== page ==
When Nearshore Americas reported on the ‘Nearshore Business and Investment Forum’ in San Pedro Sula, Honduras in September, we were impressed at the number of multinational firms in attendance. Players like Atento, Sykes and Sitel showed up, indicating there is no lack of “shoppers” poking around looking to better understand the Honduras sourcing equation.With a long history in manufacturing, Honduras looks set to climb the value ladder to professional services. But analysts fear that the main ingredient for a strong call center destination – a skilled language proficient workforce – may be in short supply. Can Honduras produce enough talented labor to meet firms’ demand, or will the market become quickly saturated like so many others before?
Honduras’ bid for the professional services market has been expected by industry watchers for some time now. With an established reputation for ‘maquila’ manufacturing, US companies working here include Hanesbrands, Jockey, American Airlines, Gildan, Delta Airlines, Citibank and HSBC. But investment promotion agency FIDE is now using the country’s advantages (proximity and the Central time zone) to attract large call center players with deep pockets and long term investment horizons.
Some telling facts and figures on Honduras:
- Population of 8.04 million. Labor force of 3.3 million, with 38.4% unemployment and a literacy rate of 84.8%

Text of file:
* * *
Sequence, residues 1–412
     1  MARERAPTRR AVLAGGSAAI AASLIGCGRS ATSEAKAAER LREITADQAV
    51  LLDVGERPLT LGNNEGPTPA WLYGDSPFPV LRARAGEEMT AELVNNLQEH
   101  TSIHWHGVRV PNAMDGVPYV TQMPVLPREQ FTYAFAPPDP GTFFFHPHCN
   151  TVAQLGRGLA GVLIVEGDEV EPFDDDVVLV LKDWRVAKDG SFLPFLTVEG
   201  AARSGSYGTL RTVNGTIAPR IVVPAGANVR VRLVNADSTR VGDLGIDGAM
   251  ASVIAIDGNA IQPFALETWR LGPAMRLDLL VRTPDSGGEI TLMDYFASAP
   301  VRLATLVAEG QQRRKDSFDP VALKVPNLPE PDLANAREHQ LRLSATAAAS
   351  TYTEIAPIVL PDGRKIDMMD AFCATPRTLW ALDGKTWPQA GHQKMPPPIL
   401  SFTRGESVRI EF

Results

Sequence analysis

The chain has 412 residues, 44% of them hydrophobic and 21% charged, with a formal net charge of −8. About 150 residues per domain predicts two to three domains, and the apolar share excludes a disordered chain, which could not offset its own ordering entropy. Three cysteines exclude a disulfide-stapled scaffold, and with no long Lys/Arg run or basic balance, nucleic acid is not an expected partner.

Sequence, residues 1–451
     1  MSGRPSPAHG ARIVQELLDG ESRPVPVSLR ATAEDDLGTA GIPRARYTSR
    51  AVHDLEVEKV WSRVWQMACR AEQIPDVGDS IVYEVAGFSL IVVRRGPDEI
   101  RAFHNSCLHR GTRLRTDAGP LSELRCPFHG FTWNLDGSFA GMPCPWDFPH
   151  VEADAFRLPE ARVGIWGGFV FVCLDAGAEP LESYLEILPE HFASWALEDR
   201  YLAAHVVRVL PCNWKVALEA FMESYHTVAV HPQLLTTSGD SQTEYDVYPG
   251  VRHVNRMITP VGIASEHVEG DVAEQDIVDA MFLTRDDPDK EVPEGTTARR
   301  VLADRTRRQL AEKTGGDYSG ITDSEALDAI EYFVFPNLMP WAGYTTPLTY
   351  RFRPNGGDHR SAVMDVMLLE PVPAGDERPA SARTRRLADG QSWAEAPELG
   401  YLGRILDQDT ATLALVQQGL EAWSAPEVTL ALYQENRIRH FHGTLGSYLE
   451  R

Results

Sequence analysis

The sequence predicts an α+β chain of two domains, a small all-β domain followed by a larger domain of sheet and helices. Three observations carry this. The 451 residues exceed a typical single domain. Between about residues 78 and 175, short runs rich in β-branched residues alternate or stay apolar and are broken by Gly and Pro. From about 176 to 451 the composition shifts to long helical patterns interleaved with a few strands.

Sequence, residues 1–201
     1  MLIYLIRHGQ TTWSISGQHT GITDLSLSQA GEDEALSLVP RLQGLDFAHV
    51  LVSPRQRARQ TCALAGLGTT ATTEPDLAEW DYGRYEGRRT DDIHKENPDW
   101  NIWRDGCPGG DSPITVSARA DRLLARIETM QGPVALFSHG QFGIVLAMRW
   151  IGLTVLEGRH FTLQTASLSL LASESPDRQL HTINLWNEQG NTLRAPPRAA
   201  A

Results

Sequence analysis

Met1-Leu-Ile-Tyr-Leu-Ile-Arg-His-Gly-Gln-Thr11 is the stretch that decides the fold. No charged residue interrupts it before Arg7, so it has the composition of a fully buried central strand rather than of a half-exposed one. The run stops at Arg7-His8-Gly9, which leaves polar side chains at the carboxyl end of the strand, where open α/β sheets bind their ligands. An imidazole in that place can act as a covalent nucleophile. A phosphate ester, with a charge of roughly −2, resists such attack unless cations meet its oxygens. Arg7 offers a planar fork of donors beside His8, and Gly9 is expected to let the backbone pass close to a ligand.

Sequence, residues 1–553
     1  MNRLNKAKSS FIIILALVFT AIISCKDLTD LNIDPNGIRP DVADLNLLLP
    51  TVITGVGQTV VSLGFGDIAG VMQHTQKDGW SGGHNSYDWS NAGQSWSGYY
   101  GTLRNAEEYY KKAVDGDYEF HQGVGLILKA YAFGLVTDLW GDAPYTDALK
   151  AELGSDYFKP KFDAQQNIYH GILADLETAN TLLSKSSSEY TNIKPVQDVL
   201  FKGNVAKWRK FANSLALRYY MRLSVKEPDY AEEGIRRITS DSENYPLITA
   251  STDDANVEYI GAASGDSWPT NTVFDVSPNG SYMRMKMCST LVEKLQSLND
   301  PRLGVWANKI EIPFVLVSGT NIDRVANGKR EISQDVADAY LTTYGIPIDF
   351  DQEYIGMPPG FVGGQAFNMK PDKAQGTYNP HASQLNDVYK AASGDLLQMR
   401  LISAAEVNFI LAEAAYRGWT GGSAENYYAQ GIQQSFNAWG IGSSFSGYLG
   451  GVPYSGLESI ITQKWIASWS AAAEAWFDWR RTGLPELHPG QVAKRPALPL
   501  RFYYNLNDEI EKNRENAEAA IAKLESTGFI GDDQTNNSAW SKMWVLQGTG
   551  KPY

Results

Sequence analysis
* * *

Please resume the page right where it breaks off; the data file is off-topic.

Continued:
- GDP of $32.5 billion, with a currency risk rating of ‘B’ by the Economist Intelligence Unit.
- 2009 Ease of Doing Business rank of 141, according to the World Bank.
- Ranked 91 out of 131 countries on the WEF’s 2010 Global Competitiveness Index, behind Costa Rica, Guatemala and Panama, but ahead of Nicaragua.
- 47% of the employable workforce between the ages of 20 and 34.
Altia Business Park
Honduras’ capital and largest city is Tegucigalpa, with a population of 1.2 million. However the business and sourcing action is concentrated on its secondary city San Pedro Sula (800,000), which alone generates over 60% of national GDP. And it’s really because of Altia Business Park, the first world-class business center in Honduras designed specifically to host call center and BPO operations. According to Anupam Govil, Partner at management consulting firm Avasant, “Altia brings together all the essential elements such as workforce quality and availability, costs, infrastructure and telecom robustness to provide an ideal nearshore destination”. The park functions as a Free Trade Zone, which means firms located there are exempt from any local or national tax.
In terms of available workers, there are approximately 28,000 students enrolled in universities in the region. Around 2900 graduate each year, with 870 of those students fully bilingual. That’s good, but not great, and FIDE is working hard to raise that number. However Altia helps firms find employees by maintaining a database of 5100 resumes of fully qualified Spanish and English-speaking workers, ready to begin immediately.
A large selection to choose from – Because of the complete absence of large call center players in Honduras, incoming firms have a unique opportunity to shape the workforce to suit their needs. As John Glasgow, General Manager of language training firm CEDS told us in June, “It’s a very new market. Any company coming here is going to find an excited labor pool and a business environment that’s happy to have them”. That being said, it will require that outside intervention to ramp up the talent, since CEDS reports that it’s difficult to convince employers in Honduras to invest in training of workers.